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I don't think I've ever understood this.

I travel frequently across the State of California by car. And I often take the highway to get to many places.

One thing I don't understand is how fast lanes and slow lanes work. I was recently travelling on a fast lane near San Francisco driving at the speed limit, when I noticed a cop who was travelling behind me honk at me, presumably because I was going slowly? I noticed there was a long line of cars behind me.

So I moved into the slow lane. But even weirder is that cars in the slow lane drive at the speed limit, and cars that drive in the fast lane drive way past the speed limit, even cops. And I have never seen anybody get arrested for going faster than the speed limit, except for really fast drivers.

So I don't understand, even with 6 years of driving throughout California under my belt. I understand the fast lane is for fast cars, but doesn't driving at the speed limit constitute fast? I really don't understand. I talked to a local officer and they said that if there are cars tailgating you or lining up behind you, you should change lanes to a slower one, but if I'm already driving at the speed limit, how can I go any faster?

  • 8
    This site is about travel in the sense of going to remote places. It's not really about driving. – DJClayworth Sep 17 '14 at 2:26
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    This question appears to be off-topic because it is about driving. – DJClayworth Sep 17 '14 at 2:27
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    @DJClayworth How can "driving" be off-topic if it has existed as a tag and has 144 questions linked to it? – yuritsuki Sep 17 '14 at 2:39
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    @DJClayworth Obscure local customs that are relevant yet surprising to travellers, like police officers telling you to exceed the posted speed limit, are perfectly on-topic for a travel site. – jpatokal Sep 17 '14 at 3:26
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    unshakeable - you seem to be one of these folks who think you have the "right" to travel in the fast lane, just because you're sitting on the speed limit. OK, so you are wrong. Make this QA an opportunity to get the wrong idea out of your head. As is explained below, the law 21654-A tells you what to do. Obey the law. Couldn't be simpler. Note that on the road one should obey laws .. not "feelings" one may have about what is "right and wrong", you know? Follow the law .. 21654-A !! – Fattie Jun 9 '16 at 14:26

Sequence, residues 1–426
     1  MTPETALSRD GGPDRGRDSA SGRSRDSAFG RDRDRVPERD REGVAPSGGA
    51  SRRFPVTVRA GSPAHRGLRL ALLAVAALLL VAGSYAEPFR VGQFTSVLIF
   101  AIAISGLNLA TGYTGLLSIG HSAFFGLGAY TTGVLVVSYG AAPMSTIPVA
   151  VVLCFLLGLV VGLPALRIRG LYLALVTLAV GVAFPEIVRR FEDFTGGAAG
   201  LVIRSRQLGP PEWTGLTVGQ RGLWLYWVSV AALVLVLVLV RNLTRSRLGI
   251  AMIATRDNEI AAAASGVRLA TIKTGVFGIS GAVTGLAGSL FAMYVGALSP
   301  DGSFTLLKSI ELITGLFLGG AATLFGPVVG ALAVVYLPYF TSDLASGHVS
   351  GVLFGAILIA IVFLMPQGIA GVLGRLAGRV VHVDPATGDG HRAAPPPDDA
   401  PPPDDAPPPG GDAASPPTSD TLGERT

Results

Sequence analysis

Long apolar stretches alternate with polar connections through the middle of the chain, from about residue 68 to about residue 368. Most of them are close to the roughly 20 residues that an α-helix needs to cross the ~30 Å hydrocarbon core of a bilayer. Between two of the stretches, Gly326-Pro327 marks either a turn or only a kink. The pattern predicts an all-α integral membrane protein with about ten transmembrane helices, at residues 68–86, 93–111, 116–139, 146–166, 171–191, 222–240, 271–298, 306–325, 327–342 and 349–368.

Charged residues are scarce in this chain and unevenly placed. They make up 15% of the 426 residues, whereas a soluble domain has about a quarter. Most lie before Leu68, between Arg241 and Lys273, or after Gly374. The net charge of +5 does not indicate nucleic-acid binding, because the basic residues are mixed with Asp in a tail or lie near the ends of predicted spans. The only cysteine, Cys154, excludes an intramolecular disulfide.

31

To vastly overgeneralize, most people consider posted speed limits in the United States to be too slow. All things being equal (good weather etc), it's expected that you drive about 10 mph over the speed limit, and police generally ignore people who do.

In a few states, notably Texas, this is enshrined in law, and you can exceed the speed limit and potentially get away with it even in court as long as you can make a good case that it was "reasonable and prudent" to do so. In most states, though -- and this includes California -- the letter of the law says that exceeding the posted speed limit is always illegal.

So what to do? The Solomon curve states that the safest speed to drive is at the average speed of traffic or slightly higher. So if you're driving the speed limit, and everybody else is speeding (slightly), you're actually exposing yourself and everybody else to a greater risk of crashing. Better to stay with the flow and speed slightly: as long as "everybody else is doing it", you will stay safer and most likely get away with it. Or, if you're not comfortable doing this, then stick to the slow lane and drive the limit.

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    California actually has a "Reasonable and Prudent" standard in it's law. However, proving that anything over the posted limit is reasonable and prudent is next to impossible, so it's something of a moot point. – LessPop_MoreFizz Sep 17 '14 at 4:08